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One year on from its establishment, how is Shanghai's free trade zone doing thus far?
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UPDATED: October 13, 2014 NO. 42 OCTOBER 16, 2014
Reflections on the Free Trade Zone

The achievement of the Shanghai Free Trade Zone (FTZ) during the past year is not only shown through the numbers—from how many companies have been set up there to how big the trade volume is. Rather, as the first pilot FTZ in China, it should be judged on whether its management system is complete and applicable to other locations.

The FTZ was established as an experimental field for China's next round of reform and opening up. In its approval letter for the establishment of the zone, the Central Government stressed the need to transform government functions, improve the registration and approval procedures for foreign investors, and explore ways of managing the "negative list" system, under which foreign investment is barred only from listed areas, as opposed to the previous system where investment was limited to approved industries. It must also try to coordinate law enforcement between different supervision departments. All these explorations have been unprecedented and need new rules to facilitate them.

The Shanghai FTZ has not only established a series of new rules and regulations in the past year but also improved existent rules in investment management, trade supervision and financial opening up. From this perspective, the development of the FTZ in the past year is satisfactory.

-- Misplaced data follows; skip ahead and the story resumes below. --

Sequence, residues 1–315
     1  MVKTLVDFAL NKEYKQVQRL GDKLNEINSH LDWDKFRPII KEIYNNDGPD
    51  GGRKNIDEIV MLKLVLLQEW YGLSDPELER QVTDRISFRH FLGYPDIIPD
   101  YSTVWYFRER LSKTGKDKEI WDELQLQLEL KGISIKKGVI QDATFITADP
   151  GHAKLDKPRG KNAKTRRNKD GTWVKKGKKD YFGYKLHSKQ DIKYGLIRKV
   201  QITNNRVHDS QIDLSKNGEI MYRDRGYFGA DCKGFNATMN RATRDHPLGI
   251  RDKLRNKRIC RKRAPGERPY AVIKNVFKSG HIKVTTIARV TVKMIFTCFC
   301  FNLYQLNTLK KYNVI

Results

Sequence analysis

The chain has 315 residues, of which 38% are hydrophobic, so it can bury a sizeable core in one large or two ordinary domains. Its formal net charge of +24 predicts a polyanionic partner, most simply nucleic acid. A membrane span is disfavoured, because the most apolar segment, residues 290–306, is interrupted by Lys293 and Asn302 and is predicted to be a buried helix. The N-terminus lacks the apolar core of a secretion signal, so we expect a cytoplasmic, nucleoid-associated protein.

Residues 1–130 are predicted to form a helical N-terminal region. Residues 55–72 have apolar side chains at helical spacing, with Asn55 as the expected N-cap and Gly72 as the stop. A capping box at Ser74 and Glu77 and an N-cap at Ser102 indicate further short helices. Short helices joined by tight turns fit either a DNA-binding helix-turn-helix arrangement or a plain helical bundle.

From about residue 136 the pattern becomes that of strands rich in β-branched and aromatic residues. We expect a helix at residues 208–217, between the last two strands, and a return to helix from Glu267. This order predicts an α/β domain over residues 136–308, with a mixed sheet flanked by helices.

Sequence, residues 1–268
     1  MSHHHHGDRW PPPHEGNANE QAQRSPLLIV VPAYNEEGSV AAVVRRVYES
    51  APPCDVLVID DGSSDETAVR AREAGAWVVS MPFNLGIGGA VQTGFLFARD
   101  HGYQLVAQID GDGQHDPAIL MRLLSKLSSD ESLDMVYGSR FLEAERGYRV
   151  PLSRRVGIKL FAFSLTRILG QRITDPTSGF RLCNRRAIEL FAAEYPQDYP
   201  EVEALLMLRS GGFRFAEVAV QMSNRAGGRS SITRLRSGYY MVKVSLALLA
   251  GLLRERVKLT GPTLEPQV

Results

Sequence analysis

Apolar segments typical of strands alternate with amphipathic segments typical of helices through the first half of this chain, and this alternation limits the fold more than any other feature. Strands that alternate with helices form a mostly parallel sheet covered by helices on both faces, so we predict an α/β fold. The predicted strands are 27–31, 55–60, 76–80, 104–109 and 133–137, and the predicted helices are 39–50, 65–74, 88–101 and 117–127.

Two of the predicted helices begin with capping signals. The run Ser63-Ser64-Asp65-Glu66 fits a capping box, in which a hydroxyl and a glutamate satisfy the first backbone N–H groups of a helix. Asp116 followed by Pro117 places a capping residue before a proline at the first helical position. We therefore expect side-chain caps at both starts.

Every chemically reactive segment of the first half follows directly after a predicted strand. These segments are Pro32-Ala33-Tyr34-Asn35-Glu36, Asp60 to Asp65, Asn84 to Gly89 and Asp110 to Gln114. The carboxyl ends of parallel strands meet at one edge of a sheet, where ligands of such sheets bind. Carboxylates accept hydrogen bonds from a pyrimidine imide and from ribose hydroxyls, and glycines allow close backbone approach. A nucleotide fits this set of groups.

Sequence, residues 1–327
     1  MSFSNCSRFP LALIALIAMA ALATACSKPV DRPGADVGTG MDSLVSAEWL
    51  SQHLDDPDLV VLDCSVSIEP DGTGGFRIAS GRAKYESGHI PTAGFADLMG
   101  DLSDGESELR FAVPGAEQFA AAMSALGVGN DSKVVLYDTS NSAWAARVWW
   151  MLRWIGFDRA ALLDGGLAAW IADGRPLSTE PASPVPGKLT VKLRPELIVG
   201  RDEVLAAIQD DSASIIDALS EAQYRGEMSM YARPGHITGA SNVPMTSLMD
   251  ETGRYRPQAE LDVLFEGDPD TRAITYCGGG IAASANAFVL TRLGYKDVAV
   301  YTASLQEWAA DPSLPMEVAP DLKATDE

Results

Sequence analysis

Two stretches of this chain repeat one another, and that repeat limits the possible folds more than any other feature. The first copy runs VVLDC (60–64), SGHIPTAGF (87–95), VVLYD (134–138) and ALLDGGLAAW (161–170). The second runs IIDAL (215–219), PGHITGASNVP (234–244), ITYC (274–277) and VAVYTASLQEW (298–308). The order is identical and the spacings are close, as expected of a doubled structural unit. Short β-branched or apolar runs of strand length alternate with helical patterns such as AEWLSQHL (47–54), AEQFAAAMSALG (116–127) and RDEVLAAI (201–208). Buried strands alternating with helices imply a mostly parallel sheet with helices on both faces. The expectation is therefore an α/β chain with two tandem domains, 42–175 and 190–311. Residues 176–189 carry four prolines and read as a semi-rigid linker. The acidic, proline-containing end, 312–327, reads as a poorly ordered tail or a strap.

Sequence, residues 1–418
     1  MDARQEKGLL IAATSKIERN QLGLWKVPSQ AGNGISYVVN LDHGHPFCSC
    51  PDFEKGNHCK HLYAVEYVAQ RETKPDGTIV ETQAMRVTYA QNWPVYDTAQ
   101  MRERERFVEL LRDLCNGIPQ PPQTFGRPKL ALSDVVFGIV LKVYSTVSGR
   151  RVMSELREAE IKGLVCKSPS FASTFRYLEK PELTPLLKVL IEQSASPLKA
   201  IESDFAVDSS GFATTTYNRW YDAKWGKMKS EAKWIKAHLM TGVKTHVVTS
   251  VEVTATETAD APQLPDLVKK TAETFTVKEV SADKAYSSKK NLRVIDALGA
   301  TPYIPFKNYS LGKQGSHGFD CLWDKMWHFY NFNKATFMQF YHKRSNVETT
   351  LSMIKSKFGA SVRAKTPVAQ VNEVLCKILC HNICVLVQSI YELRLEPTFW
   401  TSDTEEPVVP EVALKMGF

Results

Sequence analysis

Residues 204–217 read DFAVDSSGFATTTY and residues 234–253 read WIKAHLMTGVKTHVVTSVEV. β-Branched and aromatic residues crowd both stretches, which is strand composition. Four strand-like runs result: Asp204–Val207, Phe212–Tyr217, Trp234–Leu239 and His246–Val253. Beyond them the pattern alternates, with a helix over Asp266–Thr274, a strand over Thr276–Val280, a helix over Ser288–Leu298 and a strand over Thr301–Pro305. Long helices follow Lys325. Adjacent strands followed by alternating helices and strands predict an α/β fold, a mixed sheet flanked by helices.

Although China has made remarkable economic achievements since reform and opening up began in the late 1970s, it has not fully adjusted to the free market system. At present, the United States is building the Trans-Pacific Partnership in a bid to construct a new set of global trade and investment rules. Some rules are beneficial to China while some may not be so. It is imperative that China try to adapt to a wider and profounder level of opening up. The FTZ therefore assumes the mission of attempting to further open up the service sector and improve the management of the negative list.

The FTZ still has many problems. The most criticized is the negative list being too long. It is understandable that Chinese administrators are cautious in opening up domestic industries out of concerns for the country's economic security. However, in order to shorten the list, more efforts need to be made to improve the list's management.

The FTZ is a test field for China's next round of reform and opening up. As the new round of development is faced with multiple challenges, the next step should be carried out steadily and not rushed.

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